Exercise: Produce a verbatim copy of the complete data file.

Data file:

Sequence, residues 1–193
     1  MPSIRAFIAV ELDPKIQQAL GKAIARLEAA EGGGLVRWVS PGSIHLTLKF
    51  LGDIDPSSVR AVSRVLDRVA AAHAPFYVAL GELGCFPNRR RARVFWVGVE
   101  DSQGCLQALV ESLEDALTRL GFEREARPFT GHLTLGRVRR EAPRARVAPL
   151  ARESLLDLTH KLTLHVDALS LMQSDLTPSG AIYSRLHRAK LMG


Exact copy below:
Sequence, residues 1–193
     1  MPSIRAFIAV ELDPKIQQAL GKAIARLEAA EGGGLVRWVS PGSIHLTLKF
    51  LGDIDPSSVR AVSRVLDRVA AAHAPFYVAL GELGCFPNRR RARVFWVGVE
   101  DSQGCLQALV ESLEDALTRL GFEREARPFT GHLTLGRVRR EAPRARVAPL
   151  ARESLLDLTH KLTLHVDALS LMQSDLTPSG AIYSRLHRAK LMG